FIYH 71-73: Challenges for the Congregation

Authentic pastoral ministers know that being “pastoral” is not akin to spoonfeeding the laity and coddling their every experience. Conversion is a challenging and often troubling experience.

If the encounter with the Living Word uncovers the need for metanoia, then the homily can be a means of achieving change:

[71] It may very well be that what God is doing in the life of a congregation at some particular moment is asking them to change in a way that is demanding and disorienting. The homily can be one way of helping to bring about that change, and it can still lead to a response of praise and thanksgiving by showing that our former way of life, comfortable as it may have been, was a Way that led to death, while the new way, with all of its demands and difficulties, is a way that leads to life.

Ultimately, the bishops are speaking of the human entry into the Paschal Mystery: dying to self so as to enter into a deeper relationship with the Risen Christ.

Did you know there is preaching outside the homily? People may not turn out for it in numbers as great for Mass, but it is part of the ministry of the Word nonetheless:

[72] But even though the liturgical homily can incorporate instruction and exhortation, it will not be able to carry the whole weight of the Church’s preaching. There will still need to be special times and occasions for preaching that addresses human values in such a way as to dispose the hearers to be open to the Gospel of Jesus Christ, preaching intended to bring the hearers to an inner conversion of heart, and preaching intended to instruct the faithful in matters of doctrine or morality. These three kinds of preaching-sometimes referred to as pre-evangelization, evangelization, and catechesis-can be found today in evan­gelistic gatherings, the adult catechumenate, youth ministry programs, spiritual renewal programs, Bible study groups and many forms of religious education.

[73] The homily can complement all these forms of preaching by attending more specifically to what it is to accomplish. Such would be to show how and where the mystery of our faith, focused upon by that day’s Scripture readings, is occurring in our lives. This would bring the hearers to a more explicit and deepened faith, to an expression of that faith in the liturgical celebration and, following the celebration, in their life and work.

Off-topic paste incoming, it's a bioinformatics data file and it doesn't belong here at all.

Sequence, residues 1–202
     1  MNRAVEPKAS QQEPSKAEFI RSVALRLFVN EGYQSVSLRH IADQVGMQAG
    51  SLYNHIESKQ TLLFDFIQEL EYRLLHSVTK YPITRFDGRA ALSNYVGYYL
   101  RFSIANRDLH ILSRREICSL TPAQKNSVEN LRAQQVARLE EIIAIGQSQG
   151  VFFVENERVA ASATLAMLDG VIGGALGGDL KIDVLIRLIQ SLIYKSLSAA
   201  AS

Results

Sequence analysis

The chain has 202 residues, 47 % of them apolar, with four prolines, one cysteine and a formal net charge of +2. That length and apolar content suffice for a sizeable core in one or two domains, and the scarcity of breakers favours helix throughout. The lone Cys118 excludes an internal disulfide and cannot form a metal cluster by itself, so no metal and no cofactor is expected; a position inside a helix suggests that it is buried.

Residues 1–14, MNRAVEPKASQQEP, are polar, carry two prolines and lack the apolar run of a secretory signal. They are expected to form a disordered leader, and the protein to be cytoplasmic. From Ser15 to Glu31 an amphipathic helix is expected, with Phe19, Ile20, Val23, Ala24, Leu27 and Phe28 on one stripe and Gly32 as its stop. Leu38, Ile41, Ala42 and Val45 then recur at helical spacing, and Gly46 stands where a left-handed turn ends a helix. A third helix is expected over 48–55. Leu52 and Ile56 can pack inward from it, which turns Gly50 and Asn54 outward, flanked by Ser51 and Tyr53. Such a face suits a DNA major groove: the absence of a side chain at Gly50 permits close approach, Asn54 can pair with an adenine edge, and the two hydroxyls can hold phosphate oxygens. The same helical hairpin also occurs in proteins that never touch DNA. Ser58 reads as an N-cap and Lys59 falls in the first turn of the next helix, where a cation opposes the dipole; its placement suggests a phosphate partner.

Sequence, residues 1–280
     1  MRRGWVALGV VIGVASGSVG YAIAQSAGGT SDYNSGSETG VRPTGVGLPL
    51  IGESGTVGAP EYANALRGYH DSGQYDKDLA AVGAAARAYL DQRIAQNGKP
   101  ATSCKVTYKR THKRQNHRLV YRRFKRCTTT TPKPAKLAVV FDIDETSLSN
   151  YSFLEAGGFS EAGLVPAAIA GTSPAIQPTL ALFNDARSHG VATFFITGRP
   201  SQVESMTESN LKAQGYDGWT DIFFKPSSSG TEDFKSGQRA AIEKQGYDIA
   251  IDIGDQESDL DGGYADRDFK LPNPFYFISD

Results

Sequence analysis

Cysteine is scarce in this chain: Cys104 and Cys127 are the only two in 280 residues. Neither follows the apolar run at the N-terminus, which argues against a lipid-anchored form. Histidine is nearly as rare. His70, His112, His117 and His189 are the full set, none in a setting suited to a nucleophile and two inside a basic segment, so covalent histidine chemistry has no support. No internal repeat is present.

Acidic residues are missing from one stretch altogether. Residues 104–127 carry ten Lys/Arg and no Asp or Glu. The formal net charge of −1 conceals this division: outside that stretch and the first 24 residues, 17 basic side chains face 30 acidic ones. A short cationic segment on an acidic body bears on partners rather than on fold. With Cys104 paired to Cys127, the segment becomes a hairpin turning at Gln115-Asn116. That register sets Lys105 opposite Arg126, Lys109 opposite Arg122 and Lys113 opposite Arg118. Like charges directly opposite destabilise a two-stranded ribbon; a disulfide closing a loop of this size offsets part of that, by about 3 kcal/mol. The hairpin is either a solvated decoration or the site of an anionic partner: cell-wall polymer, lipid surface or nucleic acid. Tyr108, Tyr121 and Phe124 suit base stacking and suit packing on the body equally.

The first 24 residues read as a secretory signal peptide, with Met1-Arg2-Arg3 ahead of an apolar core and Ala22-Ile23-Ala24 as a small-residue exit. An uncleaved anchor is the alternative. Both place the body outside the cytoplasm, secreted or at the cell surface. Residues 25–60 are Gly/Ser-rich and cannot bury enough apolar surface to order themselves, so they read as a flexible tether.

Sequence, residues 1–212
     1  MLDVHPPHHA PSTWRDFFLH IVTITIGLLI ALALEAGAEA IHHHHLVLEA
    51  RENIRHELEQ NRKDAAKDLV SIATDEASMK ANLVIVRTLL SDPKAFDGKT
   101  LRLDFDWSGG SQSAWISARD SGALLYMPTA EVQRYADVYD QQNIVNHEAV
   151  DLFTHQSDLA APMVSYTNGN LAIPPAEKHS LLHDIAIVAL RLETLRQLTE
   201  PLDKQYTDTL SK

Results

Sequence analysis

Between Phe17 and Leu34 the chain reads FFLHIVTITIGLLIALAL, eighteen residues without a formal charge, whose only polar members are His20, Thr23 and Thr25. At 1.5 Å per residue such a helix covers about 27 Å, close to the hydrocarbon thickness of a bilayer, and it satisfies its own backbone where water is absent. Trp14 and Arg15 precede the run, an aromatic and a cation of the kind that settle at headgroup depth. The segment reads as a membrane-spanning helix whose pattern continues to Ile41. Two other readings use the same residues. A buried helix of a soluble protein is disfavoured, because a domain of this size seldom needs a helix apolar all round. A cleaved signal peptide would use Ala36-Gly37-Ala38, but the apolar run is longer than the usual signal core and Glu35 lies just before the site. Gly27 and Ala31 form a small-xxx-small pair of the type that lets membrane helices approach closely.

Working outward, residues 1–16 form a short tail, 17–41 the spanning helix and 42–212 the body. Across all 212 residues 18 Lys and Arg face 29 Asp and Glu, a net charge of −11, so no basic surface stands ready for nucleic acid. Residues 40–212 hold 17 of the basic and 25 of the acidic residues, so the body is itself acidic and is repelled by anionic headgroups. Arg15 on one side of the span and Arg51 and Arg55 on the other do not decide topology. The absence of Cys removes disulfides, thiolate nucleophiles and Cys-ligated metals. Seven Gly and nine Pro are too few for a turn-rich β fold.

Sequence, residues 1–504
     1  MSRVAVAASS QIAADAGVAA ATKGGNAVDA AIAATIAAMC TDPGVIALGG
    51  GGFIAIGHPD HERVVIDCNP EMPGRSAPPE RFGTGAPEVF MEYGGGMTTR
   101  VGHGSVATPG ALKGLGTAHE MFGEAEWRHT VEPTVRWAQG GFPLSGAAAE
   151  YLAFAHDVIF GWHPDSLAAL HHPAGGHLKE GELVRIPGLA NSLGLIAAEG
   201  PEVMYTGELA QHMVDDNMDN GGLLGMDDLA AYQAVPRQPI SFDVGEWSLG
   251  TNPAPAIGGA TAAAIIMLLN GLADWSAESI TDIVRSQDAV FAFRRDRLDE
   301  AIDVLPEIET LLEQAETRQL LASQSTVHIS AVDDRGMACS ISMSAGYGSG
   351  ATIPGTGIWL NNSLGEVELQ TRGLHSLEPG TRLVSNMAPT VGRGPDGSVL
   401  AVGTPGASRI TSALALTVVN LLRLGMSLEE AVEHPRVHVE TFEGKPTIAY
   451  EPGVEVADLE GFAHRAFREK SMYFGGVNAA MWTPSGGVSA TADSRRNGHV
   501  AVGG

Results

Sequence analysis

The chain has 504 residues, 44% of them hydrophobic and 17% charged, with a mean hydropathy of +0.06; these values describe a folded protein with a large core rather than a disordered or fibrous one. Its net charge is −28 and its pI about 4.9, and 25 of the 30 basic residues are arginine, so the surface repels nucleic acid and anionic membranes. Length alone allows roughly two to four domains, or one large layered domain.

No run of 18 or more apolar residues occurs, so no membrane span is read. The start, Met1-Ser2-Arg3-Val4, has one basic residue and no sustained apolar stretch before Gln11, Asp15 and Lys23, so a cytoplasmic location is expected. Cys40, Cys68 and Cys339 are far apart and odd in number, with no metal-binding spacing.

If the homily is truly to be a complementary aspect of a greater preaching effort, it will require more coordination and planning than we ordinarily see in parishes. Any parishes with hopeful signs or experiences on this front?

(All texts from Fulfilled in Your Hearing are copyright © 1982 USCCB. All rights reserved. Used with permission.)

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About catholicsensibility

Todd and his family live in Ames, Iowa. He serves a Catholic parish of both Iowa State students and town residents.
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One Response to FIYH 71-73: Challenges for the Congregation

  1. Richard Ling 720-344-6158 says:

    As a priest who has preached and learned better how to preach for 50 years, I think this section offers the most important advice about the PURPOSE of a homily. It is NOT to focus on how God’s word CAN change people’s hearts and actions (which is mentioned too often in FIYH) but how that Word IS CHANGING them. Like the gospel proclaimed at a Mass, the homily should CONTINUE preaching “good news,” i.e., how the people at Mass are ACTUALLY living it. I have learned that highlighting how the people are “good news” people is far more effective in bringing about any changes needed than all the “lettuce” priests put into their homilies, i.e., “let us do this and “let us do that.” Instead of “lettuce” they need to put “sizzle” in homilies: the smell and souond of how people are actually being “gospel” people in their daily lives.

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